Over the next few weeks, it got full. Full of props, set dressing, severed human heads, various bodies, gallons of fake blood, power tools, sawdust, guns, everything a growing boy needs.

There were times I hated it. When it was 4AM, and pouring rain, and 40 degrees, and I was working on three hours sleep, it seemed a bit like hell. But mostly, it was home. For five weeks.

Today I cleared out the last of my tools. The faint smell of (chlorine? urine?) is still there, along with that weird clingy smell that the fake blood makes, and the stale odor of the literally hundreds of cigarettes smoked by our F/X interns. A family of wasps was already laying claim to a corner. A lone broom, Maryland state property, stood against the rusted old table saw. I took one last photo, clicked the lock shut, and remembered that stupid line from the Don Henley song, "I need to remember this." I first quoted that to myself in 1989, when I was moving from an apartment that I hated, in Greenbelt. And it pops into my head every time I see a place for the last time. Good places, bad places.

I remembered last Spring, when I was the last person on National Treasure 2; the rest of the set dressers had mostly moved on to other projects. Carl was off filling out paperwork, and Parker was loading scrap lumber into a truck. That warehouse was several times larger, but just as grimy, just as drafty, and just as full of old industrial memories, creeping in the ones we'd just created. I'd spent about five weeks there, too. I looked around, breathed in the dusty air one last time, and pulled the door shut.

It doesn't feel like filmmaking. But it doesn't feel like anything else, either.

Wednesday, April 30, 2008

A fitting end

The picture wrapped. Finally. After 13 hours of shooting, the sun was up, and we'd finished a big special effects shot. The last shot on the day was a closed set, an actress in a shower. So the rest of us got a jump on wrapping the sets, and the grips started assembling their miles of cable, tons of chromium steel stands, and shot bags. I dropped off a few things at the lockup, then, my car literally filled to the roof with personal possessions (including an oak sleigh bed), I headed up to my storage locker and unloaded.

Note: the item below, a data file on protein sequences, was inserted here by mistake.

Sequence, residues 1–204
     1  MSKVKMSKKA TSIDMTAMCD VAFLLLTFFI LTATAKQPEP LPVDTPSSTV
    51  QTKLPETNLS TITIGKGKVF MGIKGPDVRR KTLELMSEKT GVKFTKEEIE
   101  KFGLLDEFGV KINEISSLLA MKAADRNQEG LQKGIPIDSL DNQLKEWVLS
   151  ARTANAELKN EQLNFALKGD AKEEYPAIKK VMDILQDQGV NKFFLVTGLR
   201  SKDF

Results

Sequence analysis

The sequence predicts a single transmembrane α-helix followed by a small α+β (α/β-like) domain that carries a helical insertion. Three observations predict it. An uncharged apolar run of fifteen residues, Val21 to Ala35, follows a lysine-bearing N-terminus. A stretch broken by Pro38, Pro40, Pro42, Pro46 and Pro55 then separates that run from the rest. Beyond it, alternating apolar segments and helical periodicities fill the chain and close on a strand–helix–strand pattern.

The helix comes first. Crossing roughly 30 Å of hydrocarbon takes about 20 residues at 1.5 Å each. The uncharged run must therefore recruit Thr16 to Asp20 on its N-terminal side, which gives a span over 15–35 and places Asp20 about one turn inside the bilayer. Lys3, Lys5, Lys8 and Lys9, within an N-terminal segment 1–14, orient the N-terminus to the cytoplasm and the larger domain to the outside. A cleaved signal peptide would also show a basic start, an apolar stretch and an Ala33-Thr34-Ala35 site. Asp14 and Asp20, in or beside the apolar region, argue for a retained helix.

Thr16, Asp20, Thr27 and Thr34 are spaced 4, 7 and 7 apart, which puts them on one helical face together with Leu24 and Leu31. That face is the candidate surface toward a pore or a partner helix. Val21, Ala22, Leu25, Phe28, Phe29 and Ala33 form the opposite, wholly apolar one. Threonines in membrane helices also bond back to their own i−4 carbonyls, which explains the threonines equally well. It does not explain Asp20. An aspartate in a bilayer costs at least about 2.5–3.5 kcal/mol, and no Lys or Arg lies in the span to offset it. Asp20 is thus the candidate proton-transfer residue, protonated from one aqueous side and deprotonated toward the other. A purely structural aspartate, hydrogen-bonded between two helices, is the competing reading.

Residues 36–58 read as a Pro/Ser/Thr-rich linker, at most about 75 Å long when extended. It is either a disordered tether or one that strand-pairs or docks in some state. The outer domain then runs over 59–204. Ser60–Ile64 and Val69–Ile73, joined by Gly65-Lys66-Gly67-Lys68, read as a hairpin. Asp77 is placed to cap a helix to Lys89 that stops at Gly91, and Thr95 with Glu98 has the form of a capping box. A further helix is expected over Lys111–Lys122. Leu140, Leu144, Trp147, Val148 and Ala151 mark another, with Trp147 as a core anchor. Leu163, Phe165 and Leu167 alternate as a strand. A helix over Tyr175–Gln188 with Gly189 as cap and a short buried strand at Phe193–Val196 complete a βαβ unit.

Tuesday evening, we had our wrap party, at a lovely little private marina over in Eastport. As always with this production, the weather was abnormally cold. But everyone was having a good time. Drinks were aplenty, and we ran a few scenes for the crew, plus some (pretty funny) behind-the-scenes footage. Fun times.

Until, of course, Annapolis' finest paid a visit based on complaints about noise. Things got worse from there: One person arrested for unknown reasons, another for mouthing off to the arresting officers. The rest of us tried to figure out a bar in which to continue the party, but I got separated from the van. Realizing I was too tired to stay out anyway, I trekked home and got a great night's sleep. Which means I didn't get to make all the goodbyes I'd wanted to, but that's film.

And that's a wrap.

Saturday, April 26, 2008

Tick tock

Only a few days left. We're cramming scenes in like commuters on a Tokyo commuter train -- there's always room for one more. Last night I was told, suddenly, that we were to shoot the shower scene, the one scheduled for Sunday night. Of course, the location with the shower had no shower head. I was a aware, and one of the things I was supposed to pick up at Home Depot on Sunday was a new head; being told at 3AM that I needed one in 45 minutes created a slight dilemma -- but I actually found one. Installed it in minutes, noticed that it leaked like sieve, took it apart, repaired it with rubber bands and super glue, and put it back together, only to be asked on radio if we "have options for a different shower head." It's 3AM! The shot wasn't on the callsheet! Sheesh.

We wrapped on a Sean Whalen today (pictured), a very nice fellow who was perfect for his role. He brought in an enormous pile of cookies for the crew -- a nice touch.

Tonight I have to have another house dressed. It's close to being done, but there are a few remaining issues, such as smalls, curtains, photos, etc. Call time is 7PM, and it's 2 right now. I should be asleep, but a marching band rolled through the neighborhood an hour or so ago, and I can't seem to drop off again. Might as well head over to set now. That will of course mean another 18-19 hour day, but what the hell, this is why I get the big bucks (but not a Starbucks in the morning; apparently my Production Designer title isn't quite impressive enough to the young fellow who does the the coffee runs; he brings one for the director, the producers and the DP. No respect, I tell you, no respect!)

Friday, April 25, 2008

Setting thy houses in order

Two if them, to be exact: They're old caretaker's homes at the fringe of the facility. One is in decent shape, as one of the maintenance guys lived there until recently. The other is, quite literally, falling apart. My scenic put her hand through a plaster wall trying to paint it. The script calls for a certain southern poverty, but this might be overdoing it.